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Husky Football Blog

The latest news and analysis on the Montlake Dawgs.

February 13, 2013 at 2:01 PM

Position overview — Running back

Now that singing day is over and there is some down time before spring practices begin sometime in March, we’ll continue our position reviews with a spot that was one of Washington’s bigger question marks heading into 2012 and turned into one of its biggest surprises thanks to the performance of the player pictured above, sophomore Bishop Sankey.


Sankey, pictured above in a Dean Rutz photo, finished with one of the best seasons in UW history in 2012 after taking over as the starting tailback when Jesse Callier was hurt early in the first game against San Diego State.  With no other experienced running backs on the roster, Sankey ended up taking the bulk of the work at tailback, with the third-most carries in UW history as well as the third-most yards.

Here’s the list of top seasons in UW history:

Yards/Player, year/Att/Avg.
1,695/Corey Dillon, 1996/301/5.6
1,488/Chris Polk, 2011/293/5.1
1,438/Bishop Sankey, 2012/289/4/9
1,415/Chris Polk, 2010/260/5.4
1,407/Greg Lewis, 1990/248/5.7
1,390/Napoleon Kaufman, 1994/255/5.5
1,299/Napoleon Kaufman, 1993/226/5.7
1,294/Louis Rankin, 2007/233/5.6
1,197/Greg Lewis, 1989/266/4.5
1,113/Chris Polk, 2009/226/4.9
1,111/Joe Steele, 1978/237/4.7
1,107/Hugh McElhenny, 1950/179/6.2
1,084/Napoleon Kaufman, 1992/182/6.0
1,055/Rashaan Shehee, 1997/168/6.3
1,036/Jacque Robinson, 1984/223/4.6
1,002/Ron Rowland, 1976/203/4.9

No other running back last season had more than the 35 carries and 209 yards of true freshman Kendyl Taylor. That turned out to be basically as big of a disparity between the yards and carries of the leading rusher and second-leading rusher as 2011 when Polk had the aforementioned 1,488 yards on 293 carries to Callier’s 260 on 47.

UW coaches hadn’t envisioned that heading into the season, assuming they’d have much more of a committee approach in 2012 with Callier, Sankey and — they hoped — Deontae Cooper battling  it out. Instead, Cooper suffered another season-ending knee  injury on the first day of practice and then Callier was hurt in the first game, and the workload fell to Sankey.

Like the entire team, Sankey struggled in his first start at LSU which led to some momentary questions about his readiness to be a full-time back. But he answered those two weeks later when he rushed for 144 yards against Stanford, the most any running back had against the Cardinal all season, one of seven 100-yard games he had this season, topped off by the 205-yard performance in the Las Vegas Bowl.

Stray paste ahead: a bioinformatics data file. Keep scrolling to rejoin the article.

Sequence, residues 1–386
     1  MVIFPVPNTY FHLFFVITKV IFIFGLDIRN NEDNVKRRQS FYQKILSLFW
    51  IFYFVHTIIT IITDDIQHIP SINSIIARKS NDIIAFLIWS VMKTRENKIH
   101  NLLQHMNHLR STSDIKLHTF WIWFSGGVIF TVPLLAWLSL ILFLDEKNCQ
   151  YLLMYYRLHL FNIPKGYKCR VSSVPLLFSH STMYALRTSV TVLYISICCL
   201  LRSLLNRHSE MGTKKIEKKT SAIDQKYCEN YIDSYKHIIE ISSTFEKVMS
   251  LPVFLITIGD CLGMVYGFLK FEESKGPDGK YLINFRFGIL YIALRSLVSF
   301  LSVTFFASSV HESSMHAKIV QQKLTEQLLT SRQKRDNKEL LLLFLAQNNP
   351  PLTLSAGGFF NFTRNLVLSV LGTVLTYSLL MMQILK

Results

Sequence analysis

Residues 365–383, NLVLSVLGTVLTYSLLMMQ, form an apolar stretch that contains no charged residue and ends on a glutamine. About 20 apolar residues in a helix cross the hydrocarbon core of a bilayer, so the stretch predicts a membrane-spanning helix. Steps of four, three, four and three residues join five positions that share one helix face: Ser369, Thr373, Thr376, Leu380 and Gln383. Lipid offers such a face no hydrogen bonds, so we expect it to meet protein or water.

Sankey so dominated the position  as the year wore on that few other backs did much. Other than in the blowout win over Colorado, no other running back had more than four carries in a game in any of the last eight games of the season.


Sankey will  enter spring practice as the unquestioned starter at tailback, already having been named to a few early pre-season All-Pac-12 teams. And his return makes this a position  of strength for the Huskies in 2012.

The big question will be who emerges to either serve as a complement to Sankey or needed depth in case of injury.

I wouldn’t expect Callier or Cooper to be fully available until the fall — and obviously with Cooper’s history it’s best right now to temper all expectations for him and just hope for the best. So there will be some uncertainty about this position until fall camp begins.

But there will be lots of other players available in the spring fighting it out to state their case led by Taylor, who made the move from receiver early in the season and appears likely now to stay put in the backfield.

Also back for his sophomore season is Erich Wilson, who had 145 yards on 28 carries, most coming early in the season before he was sidelined with some nagging injuries. The UW coaches will no doubt hope that both Taylor and Wilson come back as sophomores a little bigger and stronger.

And also back is sophomore Dezden Petty, who at 5-11, 225 also is in the mix at fullback. He had 99 yards on 29 carries while also battling some nagging injuries (he didn’t have a carry after the Oregon game).

Also factoring in this spring could be redshirt freshman Dwayne Washington, who somewhat quietly made the move from receiver during the bowl game practices. Washington is listed at 6-1, 205, but UW coach Steve Sarkisian said he could envision Washington putting on another 20 pounds  or so and emerging as a “big back” complement to some of the smaller backs on the roster.

Also on the roster is Ryan McDaniel, who redshirted last season while continuing to rehab a high school  knee injury. It’s uncertain if he will be ready for spring ball and he’s another that at this point, it’s probably best to wait to see how healthy he is before trying to project how he fits in. At a listed 6-foot, 227 pounds, though, he’s another who could fit that “big back” role, if healthy.

The most significant loss at running back for UW is fullback Jonathan Amosa (No. 48 blocking in the picture above). Amosa had two receptions in 2012 but did not have a carry. Going forward, though, UW will undoubtedly try to make the fullback spot a bigger part of the offense. As noted, Petty could be a factor there. The other listed returners at fullback are redshirt freshman Psalm Wooching and junior Cooper Pelluer.

Pelluer sat out last season with a shoulder injury, and like Cooper and McDaniel, it’s probably best to wait and see where he his physically before trying to project his role for 2013. Wooching was a pretty highly-touted member of the Class of 2012 who will get his first real extended time not working on the scout team this spring.

With a lot of depth at running  back, UW signed just one for the Class of 2013 in Lavon Coleman of Lompoc, Calif. He will arrive in the fall.





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